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Employee provided 401k account has very limited options. Is there a way I can move to a better account?

Personal Finance & Money Asked by Aditya on November 27, 2020

My employer-provided 401k has very limited investment options. Mostly I see two options:

(1) They have several target-date funds like this: LifePath® Index 2040 Non-Lendable Fund M which supposedly rebalances itself over the course of the time and becomes more conservative and starts investing in bonds etc. But as of, for now, it is investing heavily into Russell 2000 and Russell 1000. Which is not doing so great.

(2) It has some weird funds like this:
State St S&P 500 Indx NL Cl K
or Dodge & Cox balanced fund. I don’t think these are exchange-traded funds. I cannot find them in Robinhood or my usual brokerage account. I am guessing the later fund is a mutual fund or something?

Is there a way to transfer my funds periodically(or directly have my employer send my 401k contribution along with the company match) to a Charles Schwab traditional IRA or some other account where I have a little bit more control over my money and I can invest in instruments that I am familiar with?
I primarily want to invest in three instruments(QQQ, VOO, AGG).

2 Answers

From a comment on the question:

Well, the part that I find weird about that particular fund, is the "Class K" at the end of the name. Maybe it doesn't mean anything significant, but to be absolutely sure, I would have to spend an hour searching on Google or reading through some prospectus.

The website for the 401(k) should have everything you need to review the handful of funds. The target-date funds should even all be in one document.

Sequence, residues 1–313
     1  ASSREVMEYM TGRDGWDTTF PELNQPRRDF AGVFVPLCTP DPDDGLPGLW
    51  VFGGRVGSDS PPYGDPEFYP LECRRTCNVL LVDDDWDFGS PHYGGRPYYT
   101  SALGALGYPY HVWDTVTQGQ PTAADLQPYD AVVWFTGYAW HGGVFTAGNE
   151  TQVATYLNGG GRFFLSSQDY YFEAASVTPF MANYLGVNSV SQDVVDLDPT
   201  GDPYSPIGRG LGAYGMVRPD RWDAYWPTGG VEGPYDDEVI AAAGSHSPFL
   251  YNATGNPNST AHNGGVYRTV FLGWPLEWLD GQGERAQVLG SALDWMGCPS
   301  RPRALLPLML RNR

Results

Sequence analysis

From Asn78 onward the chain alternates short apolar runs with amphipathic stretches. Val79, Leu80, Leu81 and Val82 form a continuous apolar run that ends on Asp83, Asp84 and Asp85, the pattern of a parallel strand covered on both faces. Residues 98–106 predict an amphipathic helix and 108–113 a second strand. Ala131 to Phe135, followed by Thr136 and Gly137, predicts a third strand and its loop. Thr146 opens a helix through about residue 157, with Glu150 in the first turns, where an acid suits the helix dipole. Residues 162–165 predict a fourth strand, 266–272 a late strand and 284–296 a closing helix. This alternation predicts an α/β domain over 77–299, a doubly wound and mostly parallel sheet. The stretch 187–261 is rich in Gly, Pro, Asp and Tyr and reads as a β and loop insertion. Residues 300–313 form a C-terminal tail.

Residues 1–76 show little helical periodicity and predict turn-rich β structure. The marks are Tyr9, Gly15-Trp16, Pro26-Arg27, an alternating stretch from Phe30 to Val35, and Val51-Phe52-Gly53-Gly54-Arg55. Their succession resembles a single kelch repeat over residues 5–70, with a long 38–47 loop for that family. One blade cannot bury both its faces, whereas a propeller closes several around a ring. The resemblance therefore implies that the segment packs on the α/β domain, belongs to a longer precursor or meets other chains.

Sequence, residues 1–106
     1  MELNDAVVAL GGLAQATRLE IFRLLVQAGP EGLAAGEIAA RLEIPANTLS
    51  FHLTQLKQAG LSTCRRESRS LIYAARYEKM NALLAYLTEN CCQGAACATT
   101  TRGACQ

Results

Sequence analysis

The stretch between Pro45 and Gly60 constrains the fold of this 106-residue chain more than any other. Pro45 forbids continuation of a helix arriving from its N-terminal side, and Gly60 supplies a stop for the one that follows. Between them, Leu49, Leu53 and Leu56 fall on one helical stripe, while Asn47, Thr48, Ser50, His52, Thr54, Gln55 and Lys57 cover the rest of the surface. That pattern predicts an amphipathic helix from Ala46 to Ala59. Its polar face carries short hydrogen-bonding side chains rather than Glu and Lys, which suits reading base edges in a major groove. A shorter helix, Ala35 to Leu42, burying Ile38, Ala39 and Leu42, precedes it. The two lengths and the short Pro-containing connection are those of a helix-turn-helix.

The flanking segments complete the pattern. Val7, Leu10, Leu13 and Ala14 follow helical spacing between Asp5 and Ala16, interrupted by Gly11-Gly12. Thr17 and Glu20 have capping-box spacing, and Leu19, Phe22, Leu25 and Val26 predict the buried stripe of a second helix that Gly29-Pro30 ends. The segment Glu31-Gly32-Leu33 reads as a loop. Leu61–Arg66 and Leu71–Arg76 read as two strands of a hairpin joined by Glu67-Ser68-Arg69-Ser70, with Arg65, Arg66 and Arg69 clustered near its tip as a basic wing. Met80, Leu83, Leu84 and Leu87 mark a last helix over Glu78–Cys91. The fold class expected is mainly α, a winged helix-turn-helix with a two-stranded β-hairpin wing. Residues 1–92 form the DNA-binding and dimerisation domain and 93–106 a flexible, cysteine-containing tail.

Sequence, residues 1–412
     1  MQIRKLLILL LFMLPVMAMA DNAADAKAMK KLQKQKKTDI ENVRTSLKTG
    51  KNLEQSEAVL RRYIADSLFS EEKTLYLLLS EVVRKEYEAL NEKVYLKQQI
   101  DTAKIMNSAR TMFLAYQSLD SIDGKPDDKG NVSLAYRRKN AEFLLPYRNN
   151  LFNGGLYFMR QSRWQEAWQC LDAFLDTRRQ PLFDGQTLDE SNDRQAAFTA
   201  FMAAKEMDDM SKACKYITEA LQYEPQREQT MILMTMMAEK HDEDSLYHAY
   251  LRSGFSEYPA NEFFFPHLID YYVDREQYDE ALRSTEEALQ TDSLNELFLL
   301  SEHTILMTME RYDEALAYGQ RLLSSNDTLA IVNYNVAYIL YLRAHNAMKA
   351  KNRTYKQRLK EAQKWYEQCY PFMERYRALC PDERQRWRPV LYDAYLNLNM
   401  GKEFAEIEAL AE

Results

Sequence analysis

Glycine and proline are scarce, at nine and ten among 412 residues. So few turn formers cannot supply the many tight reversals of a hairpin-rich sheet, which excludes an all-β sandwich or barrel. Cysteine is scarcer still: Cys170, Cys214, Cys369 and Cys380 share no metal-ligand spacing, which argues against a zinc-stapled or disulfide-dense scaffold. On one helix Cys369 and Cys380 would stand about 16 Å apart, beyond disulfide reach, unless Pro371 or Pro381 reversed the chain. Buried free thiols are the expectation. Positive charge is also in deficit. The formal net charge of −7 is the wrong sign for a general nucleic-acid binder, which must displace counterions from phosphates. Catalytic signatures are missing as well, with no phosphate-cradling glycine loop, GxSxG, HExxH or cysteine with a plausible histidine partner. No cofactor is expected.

Target-date funds appeal to many employees, they know that they can over the decades just pile money into the fund, and it will make the risk adjustments automatically. Many people also see these types of investment option if they have an education 529 plan.

The K class type fund is a sign that this fund is only available through 401(k) and 401(k) like plans. That means you might not be able to see the daily price changes through the standard external sources. You will not be able to buy them except through a retirement plan. They tend to be twins of their more public classes.

Is there a way to transfer my funds periodically(or directly have my employer send my 401k contribution along with the company match) to a Charles Schwab traditional IRA or some other account where I have a little bit more control over my money and I can invest in instruments that I am familiar with? I primarily want to invest in three instruments(QQQ, VOO, AGG).

Very few companies allow in-service rollovers. Some do. You can also find some companies that do allow an employee with a significant balance to be able to use a specific broker to either buy mutual funds, or to buy individual stock, with the 401(k) money. But I suspect this is rare.

You do have options:

  • If the company match is zero, just skip the 401(k). Though you will be limited to the smaller maximums of the IRA.
  • Invest in the 401(k) only enough to maximize the match. Put additional funds into a IRA. Note that you participation by you or your spouse in a 401(k) can change the participation and deductiblity of IRA contributions.
  • Embrace the 401(k). Use the higher limits. Know that when you leave the company you can move all the funds into a IRA, or even roll it over into the new 401(k).

Answered by mhoran_psprep on November 27, 2020

You will have to ask your plan if you can do an "in-service" rollover to an outside account.

Generally, in my experience, no, you can't do a rollover transfer to an outside account. The only time you can move money out is either to take a plan supported loan (but you still have to pay it back with interest), or end your relationship with the company.

One interesting story is that a company I worked for was acquired which meant that the old company ceased to be. I rolled over the old 401k into a retirement brokerage account relatively easily (still took weeks), but my coworkers who signed off on rolling the old 401k balance into the new 401k took even longer.

Answered by Morrison Chang on November 27, 2020

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